Do substrate roughness and gap distance impact gap-bridging strategies in arboreal chameleons?

Allison Luger, Vincent Vermeylen, Anthony Herrel, Dominique Adriaens


Chameleons are well equipped for an arboreal lifestyle, having “zygodactylous” hands and feet as well as a fully prehensile tail. However, to what degree tail use is preferred over autopod prehension has been largely neglected. Using an indoor experimental set-up, where chameleons had to cross gaps of varying distances, we tested the effect of substrate diameter and roughness on tail use in Chamaeleo calyptratus. Our results show that when crossing greater distances, C. calyptratus is more likely to use its tail for additional stability. The animals were able to cross greater distances (up to 1.75 times the shoulder-hip length) on perches with a rougher surface. We saw that depending on the distance of the gap, chameleons would change how they use their prehensile tails when crossing. With shorter gaps the tails either do not touch, or only touch the perch without coiling around it. With larger distances the tails are fully coiled around the perch, and with the largest distances additionally they reposition the hind legs, shifting them towards the end of the perch. Males were able to cross relatively greater distances than females, likely due to their larger size and strength.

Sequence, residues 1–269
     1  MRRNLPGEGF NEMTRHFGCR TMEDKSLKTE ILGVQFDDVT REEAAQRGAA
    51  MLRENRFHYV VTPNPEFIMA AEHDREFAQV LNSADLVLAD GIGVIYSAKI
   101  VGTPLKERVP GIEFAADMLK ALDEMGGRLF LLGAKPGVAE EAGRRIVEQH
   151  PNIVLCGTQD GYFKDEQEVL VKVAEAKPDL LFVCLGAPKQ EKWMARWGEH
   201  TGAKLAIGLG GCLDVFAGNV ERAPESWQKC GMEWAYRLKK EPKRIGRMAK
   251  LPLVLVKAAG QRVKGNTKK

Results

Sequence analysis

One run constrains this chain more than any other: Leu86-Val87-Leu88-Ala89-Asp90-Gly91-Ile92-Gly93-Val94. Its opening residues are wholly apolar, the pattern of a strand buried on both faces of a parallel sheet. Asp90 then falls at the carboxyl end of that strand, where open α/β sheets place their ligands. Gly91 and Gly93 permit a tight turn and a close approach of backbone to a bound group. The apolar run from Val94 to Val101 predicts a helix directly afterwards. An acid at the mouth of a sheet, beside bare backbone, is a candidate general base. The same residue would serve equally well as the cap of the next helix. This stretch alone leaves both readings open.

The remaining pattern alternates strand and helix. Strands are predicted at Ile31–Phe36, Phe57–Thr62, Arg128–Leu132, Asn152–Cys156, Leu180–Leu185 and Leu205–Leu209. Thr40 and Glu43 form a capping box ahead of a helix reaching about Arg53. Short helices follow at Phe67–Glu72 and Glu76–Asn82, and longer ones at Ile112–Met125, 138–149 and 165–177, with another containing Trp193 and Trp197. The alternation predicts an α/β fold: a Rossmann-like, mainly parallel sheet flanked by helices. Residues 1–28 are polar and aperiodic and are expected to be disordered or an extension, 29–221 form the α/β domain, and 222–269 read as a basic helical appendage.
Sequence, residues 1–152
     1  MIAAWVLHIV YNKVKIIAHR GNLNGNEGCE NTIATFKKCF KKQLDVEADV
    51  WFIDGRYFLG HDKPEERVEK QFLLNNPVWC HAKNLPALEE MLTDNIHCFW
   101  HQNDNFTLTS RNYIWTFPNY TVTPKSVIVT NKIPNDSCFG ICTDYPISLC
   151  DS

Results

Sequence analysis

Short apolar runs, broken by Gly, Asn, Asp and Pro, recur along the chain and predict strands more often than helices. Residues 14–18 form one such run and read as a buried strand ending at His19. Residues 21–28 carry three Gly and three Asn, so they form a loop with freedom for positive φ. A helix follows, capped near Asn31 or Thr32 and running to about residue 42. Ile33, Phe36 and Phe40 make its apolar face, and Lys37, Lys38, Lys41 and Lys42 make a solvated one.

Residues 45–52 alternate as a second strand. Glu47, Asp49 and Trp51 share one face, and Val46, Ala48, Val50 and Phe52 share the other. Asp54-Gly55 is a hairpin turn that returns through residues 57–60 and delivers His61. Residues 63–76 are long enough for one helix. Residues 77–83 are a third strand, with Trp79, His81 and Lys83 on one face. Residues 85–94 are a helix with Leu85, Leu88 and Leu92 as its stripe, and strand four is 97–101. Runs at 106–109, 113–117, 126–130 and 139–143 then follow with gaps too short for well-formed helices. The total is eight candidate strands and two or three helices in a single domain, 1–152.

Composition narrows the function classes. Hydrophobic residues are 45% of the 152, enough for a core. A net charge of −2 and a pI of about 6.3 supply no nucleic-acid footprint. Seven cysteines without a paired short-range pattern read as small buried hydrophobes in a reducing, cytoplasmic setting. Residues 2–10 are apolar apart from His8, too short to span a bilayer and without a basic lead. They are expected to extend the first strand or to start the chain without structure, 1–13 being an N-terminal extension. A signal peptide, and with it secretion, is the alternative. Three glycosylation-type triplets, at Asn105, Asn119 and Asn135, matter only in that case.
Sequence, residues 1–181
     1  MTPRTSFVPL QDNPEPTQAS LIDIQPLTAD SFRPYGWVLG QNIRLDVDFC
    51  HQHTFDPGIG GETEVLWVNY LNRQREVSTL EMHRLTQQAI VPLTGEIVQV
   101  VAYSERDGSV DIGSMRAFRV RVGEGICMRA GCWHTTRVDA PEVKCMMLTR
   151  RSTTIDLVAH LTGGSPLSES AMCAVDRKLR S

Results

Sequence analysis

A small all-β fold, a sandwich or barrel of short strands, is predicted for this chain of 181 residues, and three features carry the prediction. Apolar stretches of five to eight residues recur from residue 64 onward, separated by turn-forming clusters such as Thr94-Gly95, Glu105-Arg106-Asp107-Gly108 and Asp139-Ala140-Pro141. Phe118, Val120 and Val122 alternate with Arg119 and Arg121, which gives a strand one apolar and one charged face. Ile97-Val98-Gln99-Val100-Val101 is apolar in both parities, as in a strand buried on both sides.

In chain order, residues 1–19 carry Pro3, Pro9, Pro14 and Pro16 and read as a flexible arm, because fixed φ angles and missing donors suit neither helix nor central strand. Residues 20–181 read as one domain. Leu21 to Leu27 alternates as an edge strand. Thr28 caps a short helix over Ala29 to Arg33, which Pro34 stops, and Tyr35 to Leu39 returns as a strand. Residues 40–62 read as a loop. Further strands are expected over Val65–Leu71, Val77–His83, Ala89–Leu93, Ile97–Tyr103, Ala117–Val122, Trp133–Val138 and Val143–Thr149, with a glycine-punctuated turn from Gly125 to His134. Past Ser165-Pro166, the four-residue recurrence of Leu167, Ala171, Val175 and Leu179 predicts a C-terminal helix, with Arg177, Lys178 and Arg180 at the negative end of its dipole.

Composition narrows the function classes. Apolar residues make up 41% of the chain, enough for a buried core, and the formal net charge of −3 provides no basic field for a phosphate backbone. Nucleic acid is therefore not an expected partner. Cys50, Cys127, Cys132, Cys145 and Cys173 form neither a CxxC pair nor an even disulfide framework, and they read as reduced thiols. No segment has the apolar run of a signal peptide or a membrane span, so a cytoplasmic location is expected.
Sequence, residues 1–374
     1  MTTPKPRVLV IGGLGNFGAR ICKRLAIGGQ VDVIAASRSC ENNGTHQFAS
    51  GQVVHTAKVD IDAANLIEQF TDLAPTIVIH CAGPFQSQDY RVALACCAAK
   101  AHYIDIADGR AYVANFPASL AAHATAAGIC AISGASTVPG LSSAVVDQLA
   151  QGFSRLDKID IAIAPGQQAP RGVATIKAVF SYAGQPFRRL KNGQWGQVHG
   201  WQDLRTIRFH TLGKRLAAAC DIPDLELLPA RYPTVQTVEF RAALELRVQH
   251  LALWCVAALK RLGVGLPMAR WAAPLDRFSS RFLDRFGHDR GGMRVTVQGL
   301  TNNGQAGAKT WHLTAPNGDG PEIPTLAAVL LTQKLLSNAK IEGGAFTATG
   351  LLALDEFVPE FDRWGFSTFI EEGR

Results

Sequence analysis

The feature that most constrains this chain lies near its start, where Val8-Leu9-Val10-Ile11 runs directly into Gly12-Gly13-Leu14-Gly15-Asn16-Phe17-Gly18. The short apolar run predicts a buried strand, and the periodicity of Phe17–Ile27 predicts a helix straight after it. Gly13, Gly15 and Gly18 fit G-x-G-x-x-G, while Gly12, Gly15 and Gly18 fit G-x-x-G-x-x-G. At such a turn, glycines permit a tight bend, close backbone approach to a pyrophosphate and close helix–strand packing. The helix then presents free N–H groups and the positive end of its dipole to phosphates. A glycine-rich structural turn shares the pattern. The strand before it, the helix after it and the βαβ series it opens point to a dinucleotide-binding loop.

chameleons; prehensility; gap bridging; substrate type

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